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  • Writer's pictureAmanda Rakel

Life During Corona: Catching ‘Rona, Travelling and Changing Life Plans

Updated: Oct 8, 2020

By now, many will know someone or of someone who’s gotten the infamous COVID 19. I can now count myself amongst the statistic of people who has had it, as can my parents and my sister. But Corona hasn't just had an effect on me physically...

At the beginning of March I travelled to Switzerland to see my family. A 10-day trip ended up being extended to 52 as Denmark (the country I had travelled from) and Switzerland respectively went into lockdown. Any unnecessary travel was (and for the most part still is) forewarned against and borders locked down. The usual flights that zipped between Copenhagen and Zurich on the daily, dwindled to nil. Every route went through Frankfurt airport and the ticket price skyrocketed.

Swiss nature alleviated lockdown

In Copenhagen I live alone and not exactly near any greenery. I decided it was better to stick out the early days of uncertainty in Switzerland with my nearest family, surrounded by mountains and lakes. At least in Switzerland you could go hiking and enjoy nature.

At the beginning of April, both my mum and I woke up feeling really groggy. I felt faint with a slight pain in my throat. The flat walks we do to respect my French bulldogs, Bubbles’, stiff legs and chronic bout of laziness, suddenly became too strenuous. In fact, I had to ask my mum and sister if we could turn around half way due to feeling pathetically weak.

Bubbles in his buggy

My dad had been ill a week or so before my mum and I started feeling ill. Back in November 2019, he was bitten by a tick which unleashed a severe reaction. Apparently, of those who contract lymes disease, he was amongst the 1% who have such a critical reaction. Nerves in his brain became infected, which paralysed half of his face for a couple of months. It was by pure chance that the doctors found out he had suffered a tick bite when they resorted to do a spinal tap to further investigate what he was suffering from. Upon lifting his shirt, they saw the red tell-tale sign of a tick bite. Because my father had reacted so badly, our household was pretty cautious of the measurements the government provided. My sister and I did the food shopping, we didn’t see people and we excessively washed our hands. Ironically, it was my dad who shlepped home COVID. My father has a small office, but despite the measures in there, someone had managed to contract it. This resulted in all four of us getting COVID, yet he was the one who was sick the shortest. Mum and I were sick for twelve days and my sister, who caught it a week or so after us, was sick for about three weeks.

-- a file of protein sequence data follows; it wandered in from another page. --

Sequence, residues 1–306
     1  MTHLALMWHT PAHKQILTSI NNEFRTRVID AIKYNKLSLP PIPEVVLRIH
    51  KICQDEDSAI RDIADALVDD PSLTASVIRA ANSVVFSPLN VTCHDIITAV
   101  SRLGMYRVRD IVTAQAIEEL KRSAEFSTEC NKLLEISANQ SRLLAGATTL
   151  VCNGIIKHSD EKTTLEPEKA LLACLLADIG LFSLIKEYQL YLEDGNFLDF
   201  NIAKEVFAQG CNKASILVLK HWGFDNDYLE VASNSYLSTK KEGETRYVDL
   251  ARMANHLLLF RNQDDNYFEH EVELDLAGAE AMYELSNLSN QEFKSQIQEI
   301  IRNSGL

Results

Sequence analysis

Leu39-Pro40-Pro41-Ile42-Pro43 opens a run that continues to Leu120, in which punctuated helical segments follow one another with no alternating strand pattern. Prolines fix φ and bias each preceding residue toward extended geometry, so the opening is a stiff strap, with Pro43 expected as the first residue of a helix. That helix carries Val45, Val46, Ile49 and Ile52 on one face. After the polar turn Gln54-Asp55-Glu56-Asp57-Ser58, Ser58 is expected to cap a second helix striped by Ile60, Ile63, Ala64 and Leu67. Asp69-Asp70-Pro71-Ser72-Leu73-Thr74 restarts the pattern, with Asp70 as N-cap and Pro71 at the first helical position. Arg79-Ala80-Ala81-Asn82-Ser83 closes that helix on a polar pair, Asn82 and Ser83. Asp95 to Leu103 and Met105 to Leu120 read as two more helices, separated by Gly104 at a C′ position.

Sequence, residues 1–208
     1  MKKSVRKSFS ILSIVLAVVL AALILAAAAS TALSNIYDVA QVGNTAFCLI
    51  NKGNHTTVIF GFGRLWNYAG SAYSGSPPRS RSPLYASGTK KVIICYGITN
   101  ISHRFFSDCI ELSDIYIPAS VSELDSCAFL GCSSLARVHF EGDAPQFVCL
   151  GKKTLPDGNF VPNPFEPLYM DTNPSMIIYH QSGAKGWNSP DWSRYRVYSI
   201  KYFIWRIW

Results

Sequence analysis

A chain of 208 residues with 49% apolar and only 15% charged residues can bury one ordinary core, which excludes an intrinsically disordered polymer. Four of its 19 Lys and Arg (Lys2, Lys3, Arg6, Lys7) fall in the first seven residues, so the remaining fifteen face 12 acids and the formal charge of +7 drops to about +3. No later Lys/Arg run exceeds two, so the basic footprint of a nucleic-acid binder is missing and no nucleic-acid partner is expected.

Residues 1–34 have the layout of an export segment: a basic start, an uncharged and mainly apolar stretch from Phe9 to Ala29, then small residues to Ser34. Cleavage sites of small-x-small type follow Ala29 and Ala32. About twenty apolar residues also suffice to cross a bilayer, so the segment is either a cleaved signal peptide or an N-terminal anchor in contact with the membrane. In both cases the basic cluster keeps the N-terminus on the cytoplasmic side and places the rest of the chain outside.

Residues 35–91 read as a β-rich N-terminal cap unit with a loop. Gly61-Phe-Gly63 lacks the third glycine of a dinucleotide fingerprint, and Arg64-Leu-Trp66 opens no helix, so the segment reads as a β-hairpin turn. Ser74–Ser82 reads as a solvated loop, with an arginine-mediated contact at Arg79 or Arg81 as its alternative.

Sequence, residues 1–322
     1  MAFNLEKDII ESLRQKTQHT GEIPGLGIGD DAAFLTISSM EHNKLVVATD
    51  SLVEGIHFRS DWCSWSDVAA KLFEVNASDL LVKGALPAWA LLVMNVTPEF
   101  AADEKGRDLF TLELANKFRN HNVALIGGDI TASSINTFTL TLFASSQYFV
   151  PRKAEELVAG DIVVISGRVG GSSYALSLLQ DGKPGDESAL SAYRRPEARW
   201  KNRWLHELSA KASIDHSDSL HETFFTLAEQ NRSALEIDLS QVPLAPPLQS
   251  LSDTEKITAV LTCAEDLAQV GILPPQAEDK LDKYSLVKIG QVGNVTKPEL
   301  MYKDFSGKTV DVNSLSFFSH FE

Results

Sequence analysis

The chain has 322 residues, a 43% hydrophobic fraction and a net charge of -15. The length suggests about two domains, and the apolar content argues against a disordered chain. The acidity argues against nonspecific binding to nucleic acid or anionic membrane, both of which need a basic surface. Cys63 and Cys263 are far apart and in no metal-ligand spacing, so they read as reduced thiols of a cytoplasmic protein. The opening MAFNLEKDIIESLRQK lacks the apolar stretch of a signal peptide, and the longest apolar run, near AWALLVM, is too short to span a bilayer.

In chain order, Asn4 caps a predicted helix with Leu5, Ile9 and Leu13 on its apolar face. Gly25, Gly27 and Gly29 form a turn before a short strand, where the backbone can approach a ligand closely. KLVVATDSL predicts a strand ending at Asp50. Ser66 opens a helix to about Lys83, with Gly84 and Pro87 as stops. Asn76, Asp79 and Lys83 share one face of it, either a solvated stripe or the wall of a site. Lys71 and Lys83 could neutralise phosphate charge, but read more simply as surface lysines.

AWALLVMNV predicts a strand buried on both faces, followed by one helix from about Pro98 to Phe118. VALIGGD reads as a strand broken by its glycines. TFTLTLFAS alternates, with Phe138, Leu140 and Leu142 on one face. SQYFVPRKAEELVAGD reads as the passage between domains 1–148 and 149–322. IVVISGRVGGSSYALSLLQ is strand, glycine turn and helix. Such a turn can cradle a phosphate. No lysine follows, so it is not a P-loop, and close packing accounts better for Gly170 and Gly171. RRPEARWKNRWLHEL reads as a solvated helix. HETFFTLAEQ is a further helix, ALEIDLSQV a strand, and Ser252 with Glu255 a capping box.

Aside from grogginess, I also lost my sense of taste and smell. My sister went into an apple-cake baking frenzy during lockdown and while my parents ooh-ed and ahh-ed at the warm scent of cinnamon and apple , I couldn’t register it. A cake was even held right up to my nostrils - nothing. Food didn’t taste of anything and I found myself praying to the COVID gods not to take my sense of smell and taste away permanently. Thankfully, they didn't.

At the start of the pandemic, Switzerland was one of the countries that consistently ranked in the top 10 when it came to COVID cases, especially in the regions close to Austria. So it didn’t surprise me that we caught it. Like many other countries, doctors refused to test you unless you were showing serious symptoms. During the 12 days mum and I were sick, it was pure theory that we had COVID. By the time I flew back to Copenhagen, restrictions were easing in Switzerland and my parents and sister went and had a blood test taken to test for antibodies. Unsurprisingly they all tested positive. At the beginning of August, I swung by a pharmacy in Copenhagen to take an antibody test. Unlike Switzerland they didn’t take a vile of blood. The pharmacist had to prick my finger three times before she could get a suitable blood drop to flow into a toy-like device. She told me to take a 10-minute walk and come back for my results: Negative, “you haven’t had it” she informed me. “Bullshit” I thought. So when I flew back to Switzerland at the beginning of September, I went to my doctor and let them suck a vile of blood out of me. The results: Positive for antibodies. I’ve definitely had it.

If you follow me on Instagram, you’ll know the reason I flew to Switzerland in September was to drive with my mum to Italy to go to a detox resort. On my way to Switzerland I caught the common cold. I always do when the weather changes and the aircon in the flight blasted onto my chest and I stupidly ignored it because I was in a writing trance. Of course I was paranoid about it being COVID again, but rationally I knew it wasn’t. So, despite the runny nose and sore throat, I went to Italy.

Before starting our therapies a nurse comes to your room and extracts a vile of blood, whereafter you're contacted after 40 minutes with your results. They had seemingly switched procedure from when my father had been there in July, where they did a finger prick to test for antibodies and administered the COVID test. When they saw my mother’s and I’s igm numbers (my doctor back in Switzerland would later describe this as what indicates your antibody count) they, politely put it, freaked the fuck out. We were told to stay in our rooms until they had gotten hold of someone at the hospital who could come by and test my mum and I for COVID. Of course there was a conference going on at the hospital that day, so no one was answering the phone. They informed us that if someone managed to come by and test us that day, we’d have to quarantine in our rooms the next day as well. If they were first able to come by the following day, we’d be in quarantine for the day after that as well. Considering we were booked in for six days, my mum and I agreed that if they couldn’t come the same day, we’d go back home. At 2pm, while my mum was in the midst of teaching me yoga stretches, the doctor called and said someone was able to come by and test us. Hooray. Then two hours later he called in a near meltdown saying if any of us tested positive, we’d have to quarantine at an ex-military base for two weeks. And if we were adamant about going home we weren’t allowed to drive our car; we’d have to take an ambulance and pay for it ourselves.